MARQUETTE - Northern Michigan University Nordic ski coach Sten Fjeldheim experienced a bit of a nightmare Tuesday.
Temperatures in Ishpeming hit a high of 36 degrees, causing the fresh, wet, packed blanket of snow that had fallen overnight at the Al Quaal Recreation Area to slowly melt.
Less than 24 hours later, Fjeldheim's nightmare turned into a pleasant dream. Wednesday's winter storm and the ensuing lake effect on Thursday dumped over a half-foot of snow onto the Al Quaal cross country skiing stadium, setting up an exciting weekend for racers and fans.
Northern Michigan University senior Chris Bowler races in the men’s freestyle race at the 2012 NCAA Central Region Championships on Feb. 17, 2012, at the Al Quaal Recreation Area in Ishpeming. Al Quaal will hosts this weekend’s CCSA Championships on Saturday and Sunday starting at 10 a.m. both days. (Journal file photo by Amanda Monthei)
Northern Michigan University junior Rosie Frankowski competes in the women’s classic race at the 2012 NCAA Central Region Championships on Feb. 17, 2012, at the Al Quaal Recreation Area in Ishpeming. (Journal file photo by Amanda Monthei)
"Tuesday was a little bit scary, but looking at the weather, we knew it was going to get cold. We had a good base," Fjeldheim said.
"The trail conditions should be excellent."
Al Quaal and NMU will host the first half of the Central Collegiate Ski Association Championships starting at noon on Saturday and at 10 a.m. on Sunday.
The start time for Saturday's freestyle sprints at the CCSA Championship at Al Quaal has been changed from 10 a.m. to noon due to weather.
The preliminaries on Saturday will start at noon, semifinals are set for 2 p.m. and the finals will be at 3 p.m.
Sunday's classic relays will begin at 10 a.m., the regular scheduled time.
The second leg will be hosted by Gustavus Adolphus College on Feb. 16-17 at Mount Itasca in Minnesota.
While GAC hosts the traditional individual classic and freestyle distance races - men's 10-kilometer classic and 20-K freestyle, women's 5-K classic and 15-K freestyle - Northern will put on a series of 1.5-K freestyle sprint races on Saturday at the cross country skiing stadium, as well as three-person classic relays on Saturday that takes racers back into the forest.
The individual preliminaries for the freestyle sprints begin at 10 a.m. on Saturday, followed by heats leading up to the finals.
On Sunday, the women's 3-by-5K classic relays begin at 10 a.m., with the men's 3-by-10K classic relays to follow at noon.
None of the events taking place at Al Quaal are NCAA championship events, so a bad weekend can't hurt a racer's postseason chances, Fjeldheim said.
It's for that reason the veteran NMU coach believes his Wildcats and their opponents will take chances not normally seen at traditional races.
"The athletes, not just at NMU, but all around the region, are really looking forward to this weekend because it's really the only weekend we have where there isn't anything on the line for qualifying for the NCAA," Fjeldheim said.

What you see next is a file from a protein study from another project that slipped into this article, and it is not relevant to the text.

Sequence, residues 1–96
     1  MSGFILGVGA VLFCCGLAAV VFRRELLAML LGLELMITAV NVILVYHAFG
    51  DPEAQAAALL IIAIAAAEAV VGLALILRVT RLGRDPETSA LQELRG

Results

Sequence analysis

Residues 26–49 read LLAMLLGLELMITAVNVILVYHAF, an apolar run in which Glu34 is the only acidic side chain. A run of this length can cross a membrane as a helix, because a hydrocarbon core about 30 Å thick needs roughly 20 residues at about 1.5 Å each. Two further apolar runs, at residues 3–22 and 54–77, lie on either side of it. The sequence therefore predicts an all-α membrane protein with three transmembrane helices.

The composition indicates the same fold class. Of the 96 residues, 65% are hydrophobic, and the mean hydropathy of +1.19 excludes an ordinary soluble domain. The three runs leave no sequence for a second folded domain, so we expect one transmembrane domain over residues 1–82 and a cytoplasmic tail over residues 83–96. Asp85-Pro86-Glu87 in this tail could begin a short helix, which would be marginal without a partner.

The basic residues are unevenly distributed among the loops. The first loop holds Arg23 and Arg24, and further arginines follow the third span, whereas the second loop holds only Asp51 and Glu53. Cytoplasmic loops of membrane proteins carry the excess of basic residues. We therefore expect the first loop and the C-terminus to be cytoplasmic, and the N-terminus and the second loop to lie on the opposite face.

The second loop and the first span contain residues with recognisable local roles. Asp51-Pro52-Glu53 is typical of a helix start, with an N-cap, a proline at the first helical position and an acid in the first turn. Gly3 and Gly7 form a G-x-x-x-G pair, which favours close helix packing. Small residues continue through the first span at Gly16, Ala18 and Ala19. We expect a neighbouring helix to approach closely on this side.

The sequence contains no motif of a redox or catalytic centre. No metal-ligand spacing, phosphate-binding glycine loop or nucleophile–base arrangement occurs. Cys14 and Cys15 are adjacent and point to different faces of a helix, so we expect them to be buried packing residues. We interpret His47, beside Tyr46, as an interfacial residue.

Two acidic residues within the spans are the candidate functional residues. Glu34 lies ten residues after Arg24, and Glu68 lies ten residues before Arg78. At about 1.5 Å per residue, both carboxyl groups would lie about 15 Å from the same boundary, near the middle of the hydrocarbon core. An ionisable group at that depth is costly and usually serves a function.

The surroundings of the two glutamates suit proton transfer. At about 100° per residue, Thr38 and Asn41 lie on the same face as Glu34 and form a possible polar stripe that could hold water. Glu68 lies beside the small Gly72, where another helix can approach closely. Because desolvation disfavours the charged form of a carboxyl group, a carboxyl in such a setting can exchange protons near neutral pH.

"The kids can take a little bit more risk, put the hammer down and see what they can do."
Fjeldheim said he expects his men's and women's racers to excel in the classic relays because he typically doesn't recruit sprinters.
Because the NCAA only holds championships in the distance races, Fjeldheim said he focuses on the endurance athletes.
That doesn't mean Northern is lacking in sprinters, however.
On the men's side, Fjeldheim pointed to senior Chris Bowler and junior Ben Hugus, both of Wausau, Wis., as the top male sprinters.
Fjeldheim said a week ago at the Saints Invitational in Minnesota, NMU juniors George Cartwright of Wyoming and Erik Soderman of Sweden showed they had some sprinter in them.
Cartwright edged out St. Scholastica's Jeremy Hecker by one-tenth of a second and Soderman by two-tenths to win the 20.5-K freestyle race.
Fjeldheim said not to sleep on either Cartwright or Soderman in the sprints, especially on the 1.5-K Al Quaal sprint course, which includes two big climbs.
"I don't really count Erik out, but he doesn't consider himself a sprinter," Fjeldheim said. "George is much more of a sprinter than Erik is."
NMU's top two female sprinters - senior Monica Markvardsen and sophomore Felicia Gesior - are redshirting this season. But Fjeldheim does have two freshmen he said are "decent" sprinters in Hannah Boyer of Fairbanks, Alaska, and Mary Kate Cirelli of Rutland, Vt.
Boyer is coming off a 5.8-K classic win at the Saints Invitational, while Cirelli's best finish in her rookie campaign was taking first in the 5-K classic at the Michigan Tech Opener in Houghton.
"Mary Kate has an incredible engine, just an unbelievable work ethic. She is super fit. Working with her technique, she's only going to get better," Fjeldheim said.
"Hannah Boyer is more of a technician and needs to keep working on her fitness and strength.
"So it's kind of unique. If I could take Hannah's technique and give it to MK for a race, she'd be unstoppable."
Matt Wellens can be reached at 906-228-2500, ext. 252.